MPs call for anti-terror operations in Pakistan
KABUL (PAN): Following the killing of Al Qaeda leader Osama bin Laden, some Afghan parliamentarians on Monday called for shifting military operations against militant hideouts across the border in Pakistan.
The elusive Saudi dissident, the alleged mastermind behind the devastating 9/11 attacks in the US, was killed in his luxury mansion in Abbottabad, President Barack Obama announced. Islamabad confirmed the 'intelligence-driven military operation'.
Obama said in a late-night White House speech: "The United States has conducted an operation that killed Osama bin Laden, the leader of Al Qaeda and a terrorist who is responsible for the murder of thousands of men, women and children."
A member of the Wolesi Jirga from Kabul, Shukriya Barakzai, said: "I hope the international community has realised after 10 years of counterinsurgency operations that terrorist safe havens don't exist in Afghanistan."
It was time for foreign forces to start hunting down Al Qaeda and Taliban militants in the neighbouring country, she said, adding the US special forces' raid happened close to an intelligence centre in Abbottabad.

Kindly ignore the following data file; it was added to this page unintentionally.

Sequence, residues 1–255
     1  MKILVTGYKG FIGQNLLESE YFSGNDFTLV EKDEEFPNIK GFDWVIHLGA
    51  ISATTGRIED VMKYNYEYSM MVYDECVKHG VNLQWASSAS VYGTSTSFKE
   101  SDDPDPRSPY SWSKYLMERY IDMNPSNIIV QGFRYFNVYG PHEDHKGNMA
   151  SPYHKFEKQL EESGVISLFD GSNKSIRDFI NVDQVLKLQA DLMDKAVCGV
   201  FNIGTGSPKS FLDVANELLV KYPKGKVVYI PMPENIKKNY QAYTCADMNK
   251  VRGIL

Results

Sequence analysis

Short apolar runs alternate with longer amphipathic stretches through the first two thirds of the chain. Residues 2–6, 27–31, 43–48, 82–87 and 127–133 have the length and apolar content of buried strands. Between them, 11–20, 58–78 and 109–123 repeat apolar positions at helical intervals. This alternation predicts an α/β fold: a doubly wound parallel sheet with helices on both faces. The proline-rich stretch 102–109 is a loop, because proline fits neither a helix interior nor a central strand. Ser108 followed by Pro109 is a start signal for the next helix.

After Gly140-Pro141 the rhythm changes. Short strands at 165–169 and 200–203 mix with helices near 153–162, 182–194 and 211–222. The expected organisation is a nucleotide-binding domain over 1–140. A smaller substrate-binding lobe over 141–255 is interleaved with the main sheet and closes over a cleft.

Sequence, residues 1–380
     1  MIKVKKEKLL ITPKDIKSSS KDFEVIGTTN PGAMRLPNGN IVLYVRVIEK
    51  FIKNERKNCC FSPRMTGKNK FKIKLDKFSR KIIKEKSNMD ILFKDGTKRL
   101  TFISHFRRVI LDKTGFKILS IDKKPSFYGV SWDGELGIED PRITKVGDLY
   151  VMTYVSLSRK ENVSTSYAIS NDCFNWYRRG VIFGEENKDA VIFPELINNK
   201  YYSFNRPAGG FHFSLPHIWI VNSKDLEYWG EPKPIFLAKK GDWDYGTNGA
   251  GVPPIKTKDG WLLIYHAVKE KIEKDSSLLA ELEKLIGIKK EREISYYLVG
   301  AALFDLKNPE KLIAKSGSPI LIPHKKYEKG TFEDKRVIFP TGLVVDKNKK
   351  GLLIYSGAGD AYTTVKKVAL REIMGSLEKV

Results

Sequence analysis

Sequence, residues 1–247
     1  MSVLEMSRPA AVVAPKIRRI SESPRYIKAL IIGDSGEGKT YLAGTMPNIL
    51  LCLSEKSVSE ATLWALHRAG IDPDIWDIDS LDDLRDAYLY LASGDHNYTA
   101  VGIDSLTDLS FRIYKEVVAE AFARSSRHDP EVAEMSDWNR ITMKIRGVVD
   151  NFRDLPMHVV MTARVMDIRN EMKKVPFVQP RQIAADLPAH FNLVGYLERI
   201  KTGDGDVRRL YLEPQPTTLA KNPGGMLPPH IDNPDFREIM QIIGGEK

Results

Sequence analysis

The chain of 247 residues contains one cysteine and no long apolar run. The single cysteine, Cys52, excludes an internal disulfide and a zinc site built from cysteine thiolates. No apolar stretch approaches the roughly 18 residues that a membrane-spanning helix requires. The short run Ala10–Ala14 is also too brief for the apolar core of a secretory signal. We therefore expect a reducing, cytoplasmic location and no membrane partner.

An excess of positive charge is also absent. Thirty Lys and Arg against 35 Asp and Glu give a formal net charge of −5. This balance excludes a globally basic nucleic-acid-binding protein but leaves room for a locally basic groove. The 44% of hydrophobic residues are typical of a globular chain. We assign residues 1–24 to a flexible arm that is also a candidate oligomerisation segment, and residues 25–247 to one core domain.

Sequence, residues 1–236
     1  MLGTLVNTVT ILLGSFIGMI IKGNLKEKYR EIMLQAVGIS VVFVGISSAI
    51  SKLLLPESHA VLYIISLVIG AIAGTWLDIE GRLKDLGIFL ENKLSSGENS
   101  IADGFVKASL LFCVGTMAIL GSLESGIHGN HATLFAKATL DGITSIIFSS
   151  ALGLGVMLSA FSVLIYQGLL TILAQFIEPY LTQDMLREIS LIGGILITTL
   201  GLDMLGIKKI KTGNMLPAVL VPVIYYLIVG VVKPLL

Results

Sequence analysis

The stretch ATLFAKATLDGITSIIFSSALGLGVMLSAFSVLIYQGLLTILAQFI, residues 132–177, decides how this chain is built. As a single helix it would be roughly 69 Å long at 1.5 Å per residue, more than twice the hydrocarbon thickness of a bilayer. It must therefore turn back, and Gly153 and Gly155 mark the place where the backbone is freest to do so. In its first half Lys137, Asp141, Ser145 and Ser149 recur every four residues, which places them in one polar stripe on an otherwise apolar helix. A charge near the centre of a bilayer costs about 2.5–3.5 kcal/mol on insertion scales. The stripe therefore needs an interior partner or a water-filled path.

Arifullah Rahmani, a public representative from southern Ghazni province, said Osama's death had justified Afghanistan's position that rebel infrastructure was outside the country. "In order to prevent civilian casualties, terrorists should be targetted where they are."
It is crystal clear now that the Inter-Services Intelligence (ISI) was shielding the Al Qaeda head, according to Arifullah Pakhtun, another member of the assembly, who urged the world to ask Pakistan why it was sheltering him.
Senator Maulvi Abdul Wahab Irfan remarked: "Pakistan has no more excuses. It can't deny any longer the existence of insurgent bases on its soil." Without going into details, he believed the raid could be based on an understanding between the allies.
Earlier in the day, President Hamid Karzai said Osama's death had vindicated Kabul's oft-repeated stance that the top fugitive was not hiding in Afghanistan.
"We have said time and again that Al Qaeda has no sanctuary in Afghanistan; its hideouts are located elsewhere. And his killing has proved that our claim was right," Karzai said.
Addressing a gathering of district council members in Kabul, he asked the Taliban to learn a lesson from the operation. Urging the fighters to join the peace process, he said: "You should stop killing your brothers and training children for suicide attacks."
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